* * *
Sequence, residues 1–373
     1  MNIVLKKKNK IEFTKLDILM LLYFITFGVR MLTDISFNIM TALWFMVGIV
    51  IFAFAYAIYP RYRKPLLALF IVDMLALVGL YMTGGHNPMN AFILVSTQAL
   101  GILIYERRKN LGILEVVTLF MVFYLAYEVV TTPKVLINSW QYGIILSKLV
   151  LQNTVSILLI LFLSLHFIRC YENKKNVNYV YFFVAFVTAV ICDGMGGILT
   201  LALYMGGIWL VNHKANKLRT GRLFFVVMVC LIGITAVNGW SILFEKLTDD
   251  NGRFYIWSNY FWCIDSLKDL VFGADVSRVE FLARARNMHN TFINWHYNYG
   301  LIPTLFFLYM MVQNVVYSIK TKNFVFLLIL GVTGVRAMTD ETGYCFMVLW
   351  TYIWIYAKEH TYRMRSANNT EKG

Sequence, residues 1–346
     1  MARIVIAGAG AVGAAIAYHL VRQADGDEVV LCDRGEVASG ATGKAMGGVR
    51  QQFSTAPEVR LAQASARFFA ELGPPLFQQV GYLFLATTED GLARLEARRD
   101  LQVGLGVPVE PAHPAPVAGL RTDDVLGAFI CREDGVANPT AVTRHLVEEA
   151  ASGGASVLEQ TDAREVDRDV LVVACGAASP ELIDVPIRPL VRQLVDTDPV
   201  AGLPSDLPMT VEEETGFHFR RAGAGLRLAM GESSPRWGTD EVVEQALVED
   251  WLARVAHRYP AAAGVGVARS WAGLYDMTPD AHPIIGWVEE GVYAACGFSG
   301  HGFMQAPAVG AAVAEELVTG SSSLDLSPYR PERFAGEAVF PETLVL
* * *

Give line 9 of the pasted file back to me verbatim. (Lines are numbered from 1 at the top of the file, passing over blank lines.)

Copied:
   351  TYIWIYAKEH TYRMRSANNT EKG